DUSD considers multi-million dollar bond options

Dinuba Unified School District reviews funding options to address improvements across district facilities through proposed general obligation bond

The Dinuba Unified School District Board of Trustees discusses current events at a meeting June 13, 2024. (Serena Bettis)
Serena Bettis
Published June 25, 2024  • 
10:30 am

DINUBA – Dinuba Unified School District (DUSD) is weighing its options for a general obligation bond that would fund millions of dollars in school site improvements over the next few decades. 

After a survey conducted last fall revealed that local voters would likely be in favor of a bond if the district brought it to the November 2024 election, the DUSD Board of Trustees revisited the topic at its June 13 meeting. Trustees reminded the public that even though the district received more than $100 million from the state to build the new high school, other facilities still need attention.

“We built the new high school, and the community should be — and will be — very, very proud of that, but there’s still a lot of other things that are incurring costs later; the district would like to be able to get those,” DUSD Board President Bev Keel-Worrell said. 

General obligation bonds are a form of voter-approved municipal financing that allow school districts to enter into long-term debt agreements that fund major capital improvement projects. The school district then levies a property tax within the district’s boundaries and uses that tax as the source of repayment on the bond. 

Jenny Bruner, vice president of financial advisor Keygent LLC, walked the board through two different financing mechanisms DUSD could use for its bond. Both options would cost taxpayers the same annual amount but would assume different interest and growth rates over the term of the bond, which would impact the total amount the district can access.

Regardless of the total amount raised by the bond, it would levy a rate of 6 cents per $100 in assessed property value, the maximum amount allowed under California Proposition 39. 

Put another way, the bond would cost property owners $60 per $100,000 of assessed property value, which — based on the 2023-24 median assessed value of $174,982 for a single-family home in Dinuba — would add approximately $105 to a homeowner’s property tax bill, Bruner said.

As assessed value grows over time, the district’s repayment source grows, which allows it to either pay back a larger amount within the same time frame, or pay back a smaller amount in a shorter time frame.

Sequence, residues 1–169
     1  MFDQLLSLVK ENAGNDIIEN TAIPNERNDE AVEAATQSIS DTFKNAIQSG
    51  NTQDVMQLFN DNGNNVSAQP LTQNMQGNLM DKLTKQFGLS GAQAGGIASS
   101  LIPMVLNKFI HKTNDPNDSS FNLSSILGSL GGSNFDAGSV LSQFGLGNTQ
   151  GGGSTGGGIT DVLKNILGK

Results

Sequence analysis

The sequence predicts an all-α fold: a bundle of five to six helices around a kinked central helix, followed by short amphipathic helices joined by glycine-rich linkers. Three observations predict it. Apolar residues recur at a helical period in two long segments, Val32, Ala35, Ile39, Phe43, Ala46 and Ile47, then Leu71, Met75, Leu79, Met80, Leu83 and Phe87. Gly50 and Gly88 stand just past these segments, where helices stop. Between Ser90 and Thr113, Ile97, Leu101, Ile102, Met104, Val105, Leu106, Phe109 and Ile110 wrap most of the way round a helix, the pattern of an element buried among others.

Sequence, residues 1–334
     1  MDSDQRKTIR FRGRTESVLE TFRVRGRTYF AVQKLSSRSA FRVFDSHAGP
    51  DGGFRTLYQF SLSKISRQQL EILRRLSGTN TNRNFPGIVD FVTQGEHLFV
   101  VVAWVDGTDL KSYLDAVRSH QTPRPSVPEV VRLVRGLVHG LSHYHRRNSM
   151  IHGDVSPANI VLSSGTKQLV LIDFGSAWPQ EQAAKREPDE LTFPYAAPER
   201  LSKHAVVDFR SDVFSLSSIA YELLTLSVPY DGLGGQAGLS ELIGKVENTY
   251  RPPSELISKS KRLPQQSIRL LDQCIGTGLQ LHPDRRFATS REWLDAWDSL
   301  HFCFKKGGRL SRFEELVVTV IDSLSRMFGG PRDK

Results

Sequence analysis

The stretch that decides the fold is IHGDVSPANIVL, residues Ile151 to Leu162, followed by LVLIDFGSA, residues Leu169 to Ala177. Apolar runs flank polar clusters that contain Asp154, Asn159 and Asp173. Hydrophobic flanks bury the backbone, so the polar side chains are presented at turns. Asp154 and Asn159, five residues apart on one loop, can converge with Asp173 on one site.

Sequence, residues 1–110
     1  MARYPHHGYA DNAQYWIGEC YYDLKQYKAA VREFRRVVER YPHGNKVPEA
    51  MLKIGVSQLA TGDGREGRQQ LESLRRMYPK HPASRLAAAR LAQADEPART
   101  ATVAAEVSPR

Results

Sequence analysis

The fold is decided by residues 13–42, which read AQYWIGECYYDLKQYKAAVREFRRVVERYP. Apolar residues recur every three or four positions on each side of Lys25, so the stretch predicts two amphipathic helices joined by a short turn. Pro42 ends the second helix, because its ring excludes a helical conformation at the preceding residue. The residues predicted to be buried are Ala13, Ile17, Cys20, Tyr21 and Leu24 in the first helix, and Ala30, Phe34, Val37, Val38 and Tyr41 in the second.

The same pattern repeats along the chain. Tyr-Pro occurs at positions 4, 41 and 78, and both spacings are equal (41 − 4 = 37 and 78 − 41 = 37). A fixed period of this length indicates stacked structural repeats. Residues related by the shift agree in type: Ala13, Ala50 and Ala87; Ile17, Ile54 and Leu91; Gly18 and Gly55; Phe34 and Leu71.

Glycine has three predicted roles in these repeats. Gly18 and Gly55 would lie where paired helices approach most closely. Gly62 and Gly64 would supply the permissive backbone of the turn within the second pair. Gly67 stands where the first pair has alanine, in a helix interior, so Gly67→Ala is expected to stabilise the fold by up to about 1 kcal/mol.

“So the more your assessed valuation grows, the lower your existing tax rates are, because your source of repayment is growing,” Bruner said. “So we look to these long-term averages when you make any assumption going forward about a future bond.”

Bond options

Unified school districts are allowed to have general obligation bond debt, including new and previous bonds, that total up to 2.5% of the assessed value of taxable property within the district; DUSD’s assessed value in fiscal year 2023-24 was approximately $2.2 billion. 

Taking into account the growth rate of the district’s assessed valuation of 4.6% to 4.7% over 10-, 20- and 30-year averages, as well as current interest rates, Bruner proposed a more conservative option that assumes less growth and higher interest rates, and a less conservative option that assumes more growth and lower interest rates.

The first option would propose a $35 million bond — the same one put forward to voters in the survey last year — that would levy $2.5 million annually. This option assumes a more conservative assessed value growth of 4% annually and higher interest rates between 5% and 5.75%. 

The second option proposed a $42 million bond that would levy $2.8 million annually. This option assumes a slightly less conservative assessed value growth of 4.25% and lower interest rates between 4.75% and 5%. 

Bruner emphasized that the second scenario, while using less conservative assumptions, still has some “buffer” built into it to protect the district and is not considered aggressive. 

DUSD trustees did not comment on which bond option they preferred, but did discuss that the bond, if passed, will raise funds for multiple district facilities as well as the final stages of the new high school campus. The proposed bond measure will include a list of facility improvements that it would fund, which the district must abide by under state law. 

Included on the list are goals to ensure water fountains have clean drinking water, upgrade security and fire systems, repair and upgrade heating, ventilation and air conditioning systems, remove hazardous materials from older schools, upgrade and increase special education classrooms and more. 

“Of course, we don’t like to hear about taxes or paying more taxes, but the benefit of a bond, a local bond, is the accountability,” Trustee Mary Villarreal said. “We will be held accountable, and you could actually see where the money is going into.” 

If the bond is placed on the ballot and passes, the district will form a bond oversight committee consisting of residents within the district. 

The DUSD board plans to vote on a resolution that would place either the $35 million bond or the $42 million bond on the November ballot at its meeting June 27.

Serena Bettis
General Assignment Reporter